Solar thermal heating is like the good kid in the group: It might not be as cool as solar PV for electricity or those massive solar thermal plants being built in the deserts, but it’s pretty solid. And it appears to have been heating up for a while now, according to numbers released this morning by Worldwatch Institute. The nonprofit says that solar thermal heating (using solar thermal power to heat swimming pools and fuel water heaters, space heaters, and some industrial processes) posted its highest annual worldwide growth rate since 1995, expanding by 19 GW from 2006 to 2007 to reach 147 GW total capacity — that’s enough to heat 15 percent of American homes.
Solar heating is a popular choice in areas where sun is plentiful and lower-cost natural gas heating is not an option (like China), because the upfront cost of a solar thermal heater is on par with that of an electric heating unit and its life cycle cost is 3 percent to 6 percent lower. It can also help home owners and facilities managers reduce the use of natural gas and electricity, making it attractive to those trying to cut down on their energy use in general.
That said, the market is still reliant on government support in areas where natural gas is an option (nearly everywhere but China), which explains why the U.S. federal tax credit extension and removal of the tax credit cap have helped spur an increase in solar thermal installations stateside.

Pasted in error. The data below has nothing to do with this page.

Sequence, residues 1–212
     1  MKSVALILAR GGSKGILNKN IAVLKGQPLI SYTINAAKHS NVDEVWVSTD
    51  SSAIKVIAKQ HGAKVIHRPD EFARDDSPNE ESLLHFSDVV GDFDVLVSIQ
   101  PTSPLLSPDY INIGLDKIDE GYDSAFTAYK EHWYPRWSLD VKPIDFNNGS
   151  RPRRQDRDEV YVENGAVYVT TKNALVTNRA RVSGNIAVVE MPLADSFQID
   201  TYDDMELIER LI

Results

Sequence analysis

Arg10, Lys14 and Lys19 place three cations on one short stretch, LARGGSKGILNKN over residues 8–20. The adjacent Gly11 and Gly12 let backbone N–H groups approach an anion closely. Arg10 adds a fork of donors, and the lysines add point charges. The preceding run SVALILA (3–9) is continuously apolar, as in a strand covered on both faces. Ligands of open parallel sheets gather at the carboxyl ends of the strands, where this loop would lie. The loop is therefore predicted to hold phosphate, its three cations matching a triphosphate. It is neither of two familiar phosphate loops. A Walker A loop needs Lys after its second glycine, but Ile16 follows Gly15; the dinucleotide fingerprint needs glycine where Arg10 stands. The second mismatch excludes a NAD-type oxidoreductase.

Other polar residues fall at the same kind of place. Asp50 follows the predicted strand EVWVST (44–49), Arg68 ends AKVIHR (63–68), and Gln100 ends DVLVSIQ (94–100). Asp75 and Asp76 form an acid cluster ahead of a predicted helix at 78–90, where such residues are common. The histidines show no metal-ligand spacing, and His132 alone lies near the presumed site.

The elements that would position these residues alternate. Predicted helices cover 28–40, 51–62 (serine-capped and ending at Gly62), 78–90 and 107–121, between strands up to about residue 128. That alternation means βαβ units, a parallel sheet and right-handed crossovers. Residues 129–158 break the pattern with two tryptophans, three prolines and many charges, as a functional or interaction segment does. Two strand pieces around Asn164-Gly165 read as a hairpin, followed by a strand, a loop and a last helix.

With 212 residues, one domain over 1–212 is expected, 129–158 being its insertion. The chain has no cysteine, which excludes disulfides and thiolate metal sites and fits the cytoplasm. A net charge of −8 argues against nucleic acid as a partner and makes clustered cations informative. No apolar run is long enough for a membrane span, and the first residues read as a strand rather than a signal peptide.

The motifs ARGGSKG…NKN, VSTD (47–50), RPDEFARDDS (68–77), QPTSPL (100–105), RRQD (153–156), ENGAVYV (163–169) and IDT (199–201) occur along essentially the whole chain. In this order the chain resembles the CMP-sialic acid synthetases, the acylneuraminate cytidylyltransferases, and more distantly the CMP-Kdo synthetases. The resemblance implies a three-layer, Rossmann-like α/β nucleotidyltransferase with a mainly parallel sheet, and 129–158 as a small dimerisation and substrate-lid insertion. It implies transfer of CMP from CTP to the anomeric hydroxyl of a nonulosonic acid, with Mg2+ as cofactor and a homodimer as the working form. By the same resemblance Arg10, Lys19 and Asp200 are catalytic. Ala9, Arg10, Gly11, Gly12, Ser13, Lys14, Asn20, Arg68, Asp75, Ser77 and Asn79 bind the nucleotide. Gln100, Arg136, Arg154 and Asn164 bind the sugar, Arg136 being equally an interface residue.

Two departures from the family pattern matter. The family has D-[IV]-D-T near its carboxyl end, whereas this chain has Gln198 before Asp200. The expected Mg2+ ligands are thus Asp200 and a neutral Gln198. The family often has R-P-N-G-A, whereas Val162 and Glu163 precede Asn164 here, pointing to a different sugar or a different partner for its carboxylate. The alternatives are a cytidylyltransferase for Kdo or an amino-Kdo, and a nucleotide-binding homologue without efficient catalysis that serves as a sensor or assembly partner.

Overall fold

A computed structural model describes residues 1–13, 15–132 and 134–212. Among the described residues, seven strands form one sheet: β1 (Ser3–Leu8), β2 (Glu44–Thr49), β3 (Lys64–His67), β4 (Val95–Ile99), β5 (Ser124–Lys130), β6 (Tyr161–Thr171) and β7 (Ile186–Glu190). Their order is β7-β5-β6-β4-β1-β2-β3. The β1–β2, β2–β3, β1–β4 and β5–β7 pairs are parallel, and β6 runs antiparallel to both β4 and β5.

The U.S. saw a 28 percent increase in solar thermal heating units in 2007, and preliminary 2008 numbers show further increases. Hawaii is leading the U.S. market, with 37 percent of new installations nationally in 2008 — that’s partially thanks to the state’s new law requiring solar water heating in all new single-family homes
by starting in 2010.
Despite growth in the U.S., China remains the market leader by far, with two-thirds of the world’s capacity due largely to that lack of natural gas resources we mentioned. While in the rest of the world about half of the solar thermal heating is used for single-family homes, in China single-family homes account for 97 percent of solar thermal heating installations. A new government-funded solar heating rebate program launched in spring 2009 will also likely increase interest in solar thermal heating in China even further.
In Europe, where the solar thermal heating market is a bit more diversified, with a mix of residential heating, district heating, industrial processes, and space cooling applications, market-leader Germany saw a slowdown from 2006 to 2007 concurrent with a decrease in government subsidies. The country’s new renewable energy heating law, which went into effect this year, will help reverse that trend: It requires new residential buildings to use renewable resources for 14 percent of their space and heating needs by 2020, and existing buildings to use renewable sources for 10 percent of their space and heating needs by 2012.